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Kitchen cupboard hinges loose.

Discussion in 'Home and Garden' started by psd99, Jun 19, 2019.

  1. psd99

    Mobster

    Joined: Sep 7, 2008

    Posts: 4,635

    Hi,

    I have a problem with one of the hinges in my kitchen.

    The problem is as follows:

    [​IMG]

    [​IMG]

    The people who installed my kitchen have made an error, the pilot holes they drilled appear to be too large resulting in the screw not getting tight back into the hole.

    I had a think about this and filled the holes with wood filler, waited a day and then put the screws back in. It felt strong at the time for one of the screws the other was still not tightening up properly.

    I got a feeling there will be more hinges these gits got wrong!

    Today the hinge still feels a bit loose I think it will eventually come out like it did this week.

    Also this is the end cupboard at the top of the kitchen and there is nothing to the right hand side of it except a window so putting a bit of wood there to screw into will not look very pretty at all.


    Any suggestions on what I can do for a more longer term fix?
     
  2. psd99

    Mobster

    Joined: Sep 7, 2008

    Posts: 4,635

    just a thought , would those two screws come out
    I wonder if I can get bigger screws here.
     
  3. haaammit

    Mobster

    Joined: Aug 22, 2010

    Posts: 3,022

    Location: On the Wagon-East Angular

    You could try making a wooden plug to hammer/glue into the holes then drill a small pilot hole in it and try re-screwing the hinges on. Wood filler in a hole that size won't be any good to try and get a mechanical fix into as it will just crumble.
     
  4. psd99

    Mobster

    Joined: Sep 7, 2008

    Posts: 4,635

    what do u mean by wooden plug? is it like cutting a bit of wood for that hole, ramming them in and then screwing into the wood?

    how will I cut a round with of wood like that though
     
  5. psd99

    Mobster

    Joined: Sep 7, 2008

    Posts: 4,635

    also now its good wood filler I will have to remove that first. hope it falls out
     
  6. Terminal_Boy

    Soldato

    Joined: Apr 13, 2013

    Posts: 6,383

    Location: La France

    Those screws should come out, allowing you to open up the slots they go through with a file so you can use much larger diameter screws.

    Have done this to repair a number of bodged IKEA and MFI cupboard doors over the years.
     
  7. Mark M

    Mobster

    Joined: Jan 6, 2006

    Posts: 2,965

    Location: Newcastle upon Tyne

    Ive just these before sucessfully.
     
  8. Terminal_Boy

    Soldato

    Joined: Apr 13, 2013

    Posts: 6,383

    Location: La France

    The little wooden dowels used in flat pack furniture to hold sections of MDF together. Any decent DIY store should stock packets to them in various sizes. Buy some that are a slightly bigger diameter than the holes and cut them to the right length.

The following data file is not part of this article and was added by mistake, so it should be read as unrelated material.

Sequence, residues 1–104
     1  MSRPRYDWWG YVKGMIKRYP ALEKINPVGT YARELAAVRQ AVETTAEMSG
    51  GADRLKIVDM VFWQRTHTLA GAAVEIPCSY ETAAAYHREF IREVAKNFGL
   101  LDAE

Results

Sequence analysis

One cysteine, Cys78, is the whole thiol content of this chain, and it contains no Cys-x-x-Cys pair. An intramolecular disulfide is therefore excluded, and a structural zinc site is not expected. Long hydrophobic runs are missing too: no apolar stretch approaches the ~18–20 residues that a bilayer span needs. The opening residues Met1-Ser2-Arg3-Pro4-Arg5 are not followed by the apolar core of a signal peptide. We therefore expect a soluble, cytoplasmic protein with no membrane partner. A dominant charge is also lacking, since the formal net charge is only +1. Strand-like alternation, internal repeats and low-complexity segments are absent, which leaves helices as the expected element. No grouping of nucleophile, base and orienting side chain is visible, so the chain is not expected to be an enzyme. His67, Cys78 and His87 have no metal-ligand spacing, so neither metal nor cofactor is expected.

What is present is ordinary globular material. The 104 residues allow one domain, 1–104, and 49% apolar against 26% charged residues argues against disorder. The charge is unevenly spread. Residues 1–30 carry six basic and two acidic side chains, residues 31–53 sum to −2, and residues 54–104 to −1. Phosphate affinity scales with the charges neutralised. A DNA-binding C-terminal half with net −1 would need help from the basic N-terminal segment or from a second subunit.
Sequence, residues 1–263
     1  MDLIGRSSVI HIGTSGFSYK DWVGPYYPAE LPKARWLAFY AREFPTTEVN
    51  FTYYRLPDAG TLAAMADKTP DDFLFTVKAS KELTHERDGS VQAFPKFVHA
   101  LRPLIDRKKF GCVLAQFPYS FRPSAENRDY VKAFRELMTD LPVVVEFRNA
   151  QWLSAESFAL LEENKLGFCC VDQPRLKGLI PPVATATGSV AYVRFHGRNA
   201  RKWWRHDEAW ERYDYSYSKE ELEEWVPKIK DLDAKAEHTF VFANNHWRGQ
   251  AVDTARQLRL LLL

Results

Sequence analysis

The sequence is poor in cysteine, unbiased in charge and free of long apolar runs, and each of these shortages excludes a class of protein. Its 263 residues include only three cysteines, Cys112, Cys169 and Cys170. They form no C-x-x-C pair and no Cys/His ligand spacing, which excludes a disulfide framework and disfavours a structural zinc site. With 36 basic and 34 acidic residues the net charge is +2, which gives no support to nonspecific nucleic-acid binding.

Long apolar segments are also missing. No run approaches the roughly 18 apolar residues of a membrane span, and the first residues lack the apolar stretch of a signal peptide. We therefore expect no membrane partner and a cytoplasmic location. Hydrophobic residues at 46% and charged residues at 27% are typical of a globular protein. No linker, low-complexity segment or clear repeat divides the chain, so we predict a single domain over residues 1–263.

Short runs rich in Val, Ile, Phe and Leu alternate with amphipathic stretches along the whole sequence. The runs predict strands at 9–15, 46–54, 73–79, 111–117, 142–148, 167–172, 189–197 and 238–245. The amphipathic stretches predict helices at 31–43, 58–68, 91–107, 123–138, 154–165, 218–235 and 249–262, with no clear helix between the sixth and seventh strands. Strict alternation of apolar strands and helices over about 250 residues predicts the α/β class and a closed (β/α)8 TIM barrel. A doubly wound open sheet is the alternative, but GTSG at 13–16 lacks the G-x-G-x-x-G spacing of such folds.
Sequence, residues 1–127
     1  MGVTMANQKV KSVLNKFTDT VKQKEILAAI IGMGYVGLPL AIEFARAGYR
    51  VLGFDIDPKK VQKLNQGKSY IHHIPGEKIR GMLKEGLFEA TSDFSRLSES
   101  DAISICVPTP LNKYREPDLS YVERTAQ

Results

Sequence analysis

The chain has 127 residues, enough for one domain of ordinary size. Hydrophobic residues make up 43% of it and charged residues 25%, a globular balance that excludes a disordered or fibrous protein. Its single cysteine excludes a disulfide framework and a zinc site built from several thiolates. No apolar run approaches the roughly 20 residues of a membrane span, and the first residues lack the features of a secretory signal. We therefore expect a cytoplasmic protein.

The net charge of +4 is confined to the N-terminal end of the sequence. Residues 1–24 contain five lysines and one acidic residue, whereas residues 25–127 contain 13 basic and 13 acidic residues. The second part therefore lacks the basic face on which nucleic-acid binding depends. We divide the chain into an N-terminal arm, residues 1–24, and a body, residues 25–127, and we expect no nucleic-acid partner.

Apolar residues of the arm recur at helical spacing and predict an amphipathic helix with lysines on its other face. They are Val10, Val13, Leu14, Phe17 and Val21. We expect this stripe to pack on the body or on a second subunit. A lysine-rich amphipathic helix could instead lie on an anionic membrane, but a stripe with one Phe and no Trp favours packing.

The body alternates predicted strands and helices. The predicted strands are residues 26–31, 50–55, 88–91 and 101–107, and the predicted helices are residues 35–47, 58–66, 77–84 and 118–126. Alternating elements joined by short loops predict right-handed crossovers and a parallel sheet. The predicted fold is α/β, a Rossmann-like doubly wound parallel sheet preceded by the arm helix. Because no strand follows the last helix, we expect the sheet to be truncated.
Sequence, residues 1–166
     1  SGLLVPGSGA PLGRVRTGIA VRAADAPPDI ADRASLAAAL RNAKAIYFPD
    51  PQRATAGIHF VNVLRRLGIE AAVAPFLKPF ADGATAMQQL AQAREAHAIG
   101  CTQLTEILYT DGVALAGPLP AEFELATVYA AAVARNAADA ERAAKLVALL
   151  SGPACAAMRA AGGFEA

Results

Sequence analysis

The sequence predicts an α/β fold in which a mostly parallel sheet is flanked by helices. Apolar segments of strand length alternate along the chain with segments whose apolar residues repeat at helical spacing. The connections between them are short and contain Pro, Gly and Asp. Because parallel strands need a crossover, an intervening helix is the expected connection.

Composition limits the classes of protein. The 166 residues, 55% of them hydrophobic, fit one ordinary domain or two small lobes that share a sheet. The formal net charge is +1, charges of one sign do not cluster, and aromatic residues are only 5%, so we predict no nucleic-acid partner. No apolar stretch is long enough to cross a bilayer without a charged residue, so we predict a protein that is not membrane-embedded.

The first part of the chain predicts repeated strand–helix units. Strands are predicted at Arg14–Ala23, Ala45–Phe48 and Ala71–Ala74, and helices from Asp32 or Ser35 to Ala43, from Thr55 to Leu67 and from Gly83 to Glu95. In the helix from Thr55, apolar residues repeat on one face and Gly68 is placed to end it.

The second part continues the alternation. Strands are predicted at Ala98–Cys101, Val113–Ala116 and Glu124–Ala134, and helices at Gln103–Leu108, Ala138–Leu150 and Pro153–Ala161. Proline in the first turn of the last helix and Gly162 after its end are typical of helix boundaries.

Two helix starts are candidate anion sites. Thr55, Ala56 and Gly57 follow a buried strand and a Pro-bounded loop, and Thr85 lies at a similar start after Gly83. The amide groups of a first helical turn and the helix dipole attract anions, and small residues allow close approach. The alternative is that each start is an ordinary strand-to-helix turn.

Dip them in wood glue and whack them in with a hammer. Wait 24 hours, drill small pilot holes and attach the hinges using the original screws.
     
  9. psd99

    Mobster

    Joined: Sep 7, 2008

    Posts: 4,635

    gotcha thanks! will look out for them
     
  10. Burned_Alive

    Capodecina

    Joined: Oct 18, 2002

    Posts: 11,404

    Location: Cheshire

    I've always used matchsticks for little fixes like this. Bit of wood glue in the hole, chop the heads off the matches and then evenly jam a few in. Let dry and then trim the extra length off and you should be able to screw in with no issues.
     
  11. psd99

    Mobster

    Joined: Sep 7, 2008

    Posts: 4,635

    thanks do u think this is a common issue? and the fault of the installer?

    I'm dissapointed with the people who installed the kitchen hardly been 2 years and some of the hinges are doing this already!
     
  12. Pho

    Sgarrista

    Joined: Oct 18, 2002

    Posts: 8,890

    Location: Derbyshire

    This. I even used matchsticks in my front door when the hinges went a bit wobbly. It just gives the screw a bit more meat to bite into.
     
  13. Abyss

    Mobster

    Joined: Oct 18, 2002

    Posts: 4,253

    Location: Nottingham

    It looks to me like the holes are predrilled into the carcasses and designed for hinges with larger screws. The screws on those hinges are quite a bit smaller than the ones I've mainly used.

    The easiest fix I've found (and suprisingly strong) is to simply fit a suitably sized rawlplug into the hole cut to length then screw into it. Suprisingly strong.

    The best solution is (as previously discussed) insert a glued wooden plug.
     
  14. kinobestew123

    Wise Guy

    Joined: Feb 6, 2008

    Posts: 1,599

    Rawlplug cut down with a blob of gripfill (or similar) in the hole first would most likely set solid.
     
  15. thenewoc

    Mobster

    Joined: Mar 9, 2012

    Posts: 4,448

    Location: West Sussex, England

    These are the best thing to use.
     
  16. jellybeard999

    Sgarrista

    Joined: Feb 7, 2004

    Posts: 7,513

    Location: Co Durham

  17. Maundie

    Wise Guy

    Joined: Oct 20, 2010

    Posts: 2,250

    This 100%, done it many times and it's always worked a treat, a box of matches is about 20p and there's enough in there to last an age.
     
  18. EssexBoy

    Hitman

    Joined: Jun 13, 2013

    Posts: 695

    Location: Essex/East London

    +1 for matchsticks/toothpicks with glue method for quick fix.
     
  19. Thebug

    Wise Guy

    Joined: Feb 17, 2007

    Posts: 1,822

    Location: Walsall

  20. psd99

    Mobster

    Joined: Sep 7, 2008

    Posts: 4,635

    I will see if my local hardware shop has dowels but I only need 2... maybe I will need more later on

    never thought about matchsticks though lol wow